LONDON (ICIS)--Throughout 2020 Ukraine was the undoubted poster child of Europe’s reforming gas markets.
It implemented EU rules and network codes, attracted new companies to use its storages, introduced new transmission services and took the bold step to deregulate a large and sensitive portion of the gas market covering households.
However, less than six months after liberalising this segment, the energy ministry now proposes to require state producer Ukrgasvydobuyvannya (UGV) to sell gas to vulnerable consumers at a regulated price.
The news took the market by surprise, with some companies even reportedly pulling out of trading amid growing uncertainty over the future of the market.
Acting energy minister Yuriy Vitrenko explained in a Facebook post on Monday that the measure was necessary to address market inefficiencies and said that if the new price was implemented, possibly as early as 1 February, it would be some 44% cheaper than current levels.
This may be good news to some consumers who may feel daunted by the latest rise in gas prices but a major setback for the market as a whole, opening up the door to corrupt practices and distortions.
Only a few years ago, Romania’s socialist government introduced similar measures , obliging local gas producers to sell gas to households at regulated tariffs.
The effects of the decision were damaging to the market and the economy. Trading liquidity on the BRM gas exchange nosedived from 71TWh in 2018, the year prior to the introduction of the measure to 36TWh in 2019 when the regulated tariffs were enforced.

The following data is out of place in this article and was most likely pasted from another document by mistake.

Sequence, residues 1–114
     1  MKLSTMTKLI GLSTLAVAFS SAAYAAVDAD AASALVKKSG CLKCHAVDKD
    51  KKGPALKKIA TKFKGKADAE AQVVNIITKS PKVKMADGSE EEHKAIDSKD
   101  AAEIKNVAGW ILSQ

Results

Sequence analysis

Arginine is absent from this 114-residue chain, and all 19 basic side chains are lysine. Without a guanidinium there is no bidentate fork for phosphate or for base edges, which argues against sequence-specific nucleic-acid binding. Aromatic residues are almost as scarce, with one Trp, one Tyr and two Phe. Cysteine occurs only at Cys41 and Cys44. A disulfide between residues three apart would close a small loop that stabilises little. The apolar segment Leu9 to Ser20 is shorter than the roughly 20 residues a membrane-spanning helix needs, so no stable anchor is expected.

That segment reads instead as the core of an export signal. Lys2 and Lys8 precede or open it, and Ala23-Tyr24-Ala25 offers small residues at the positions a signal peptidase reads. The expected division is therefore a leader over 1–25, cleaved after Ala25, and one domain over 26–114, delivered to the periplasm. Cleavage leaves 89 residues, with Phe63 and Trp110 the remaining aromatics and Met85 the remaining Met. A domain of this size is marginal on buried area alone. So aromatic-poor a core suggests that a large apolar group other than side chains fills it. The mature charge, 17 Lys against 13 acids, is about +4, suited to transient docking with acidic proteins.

As locally-produced gas was sold to households, suppliers were forced to import gas from neighbouring countries to respond to demand from other consumers in the industrial or commercial sector.
This meant that in the summer of 2019, Romania was paying close to €20.00/MWh for imported gas while prices on central and western European hubs were some €5-€6.00/MWh lower.
By the time the government liberalised the household sector in July 2020, the regulated tariff at which households were paying gas prices was €8.20/MWh higher than the free-market price paid by other consumers.
In essence, it meant that because of the regulated tariffs which were unchanged, all segments of the market were affected by the distortions caused by the subsidies.
As acting energy minister and a self-confessed reformer, Yuriy Vitrenko understands well the negative impact caused by subsidies as well as the potential damage that such a measure could inflict on Ukraine’s hard-won credentials as a trustworthy market.
It is for this reason that he and the energy ministry should abandon their regulation plans and work to implement measures that would target those who are in real need of support. Such measures could include allocating winter fuel allowances for vulnerable consumers as used in other European countries.
Regulating the household sector only six months after it was liberalised would distort the market, open the door to corrupt practices, send negative signals to investors and help the interests of Ukraine’s oligarchs who could benefit from such schemes.